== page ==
Drought Conditions Improved Slightly Across Western South Dakota and Northeastern Wyoming

Updated on Thursday, May 17, 2007
Updated as needed during the month of June


Drought conditions as of May 17, the majority of western South Dakota was classified as being in moderate (D1) drought conditions with the exception of the extreme southwestern corner which improved to severe (D2) drought and the northern Black Hills which was classified as abnormally dry (D0). Northeastern Wyoming also improved to abnormally dry (D0). No drought conditions were depicted over south central South Dakota.

Summary of Impacts

  • According to the Rapid City Journal, mandatory water conservation restrictions are in effect in Rapid City through September. Lawns may not be watered between 9 AM and 6 PM.
  • According to the Angostura Irrigation District, irrigators will only receive 15% of their water allocation this season due to low water levels in Angostura Reservoir.
  • According to the Belle Fourche Irrigation District, water allocations this season will be similar to last year tentatively set at 11 inches per acre.
  • The Wyoming Game and Fish Department increased the number of hunting licenses to be issued this year in an attempt to regain a balance between the number of animals on the land and the amount of forage available to sustain them after eight years of drought.
  • Stock ponds and dugouts continue to be very low which are limiting water for cattle and other animals.

Climate Summary

Temperatures and precipitation during April were slightly below average. For the most part, temperatures were 1 to 2 degrees below average while precipitation amounts ranged from 0.49 inches in Spearfish to 2.93 inches in Winner.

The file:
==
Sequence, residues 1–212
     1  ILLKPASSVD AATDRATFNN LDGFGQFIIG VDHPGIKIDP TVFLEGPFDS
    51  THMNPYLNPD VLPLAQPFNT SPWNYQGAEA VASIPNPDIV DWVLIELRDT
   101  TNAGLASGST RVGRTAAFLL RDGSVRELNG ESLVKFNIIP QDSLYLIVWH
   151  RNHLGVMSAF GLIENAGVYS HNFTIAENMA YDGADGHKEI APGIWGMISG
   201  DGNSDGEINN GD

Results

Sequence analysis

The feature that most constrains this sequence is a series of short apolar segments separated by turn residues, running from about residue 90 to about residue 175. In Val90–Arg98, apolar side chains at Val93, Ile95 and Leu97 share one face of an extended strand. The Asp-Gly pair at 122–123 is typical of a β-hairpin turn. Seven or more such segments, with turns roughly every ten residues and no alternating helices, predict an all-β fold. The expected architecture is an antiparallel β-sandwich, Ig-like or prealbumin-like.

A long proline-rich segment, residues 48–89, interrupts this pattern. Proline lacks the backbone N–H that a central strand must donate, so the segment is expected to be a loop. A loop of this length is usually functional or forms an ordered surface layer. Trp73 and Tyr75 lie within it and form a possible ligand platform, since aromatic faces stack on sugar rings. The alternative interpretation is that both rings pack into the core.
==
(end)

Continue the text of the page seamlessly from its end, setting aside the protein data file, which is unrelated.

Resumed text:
Precipitation and Temperature Outlook

Neutral ENSO (El Nino – Southern Oscillation) conditions continued into May. At this time weak La Nina conditions are expected to develop for the June through August time period. There is a great deal of uncertainty on how strong the La Nina will be. The strength of La Nina impacts the expected climate response. The Climate Prediction Center outlook through June calls for above average temperatures and below average precipitation.

Hydrologic Summary and Outlook

According to the United States Geological Survey (USGS), most stream flows across the area were between the 10th and 74th percentile.

Reservoirs around the region remain well below capacity. The table below shows reservoir percent of normal capacity and change in elevation over the past 30 days as calculated by the United States Bureau of Reclamation (USBR).

Reservoir Percent of Normal Elevation Change
Angostura 47% +1.2 ft
Belle Fourche 63% +2.8 ft
Deerfield 81% +1.0 ft
Keyhole 36% +2.0 ft
Pactola 63% +2.0 ft
Shadehill 63% +0.1 ft

Questions or Comments

If you have any questions or comments about this drought information please contact,

Melissa Smith or Lee Czepyha
Drought Focal Points
National Weather Service
300 East Signal Drive
Rapid City South Dakota 57701
Telephone 605-341-9271
E-mail melissa.smith@noaa.gov or lee.czepyha@noaa.gov


The drought monitor is a multi-agency effort involving NOAA's National Weather Service (NWS) and National Climatic Data Center, the United States Department of Agriculture (USDA), state and regional center climatologists, and the National Drought Mitigation Center. Information for this statement has been gathered from NWS and Federal Aviation Administration observation sites, state cooperative extension services, USDA, USBR, and USGS.

USA.gov is the U.S. government's official web portal to all federal, state and local government web resources and services.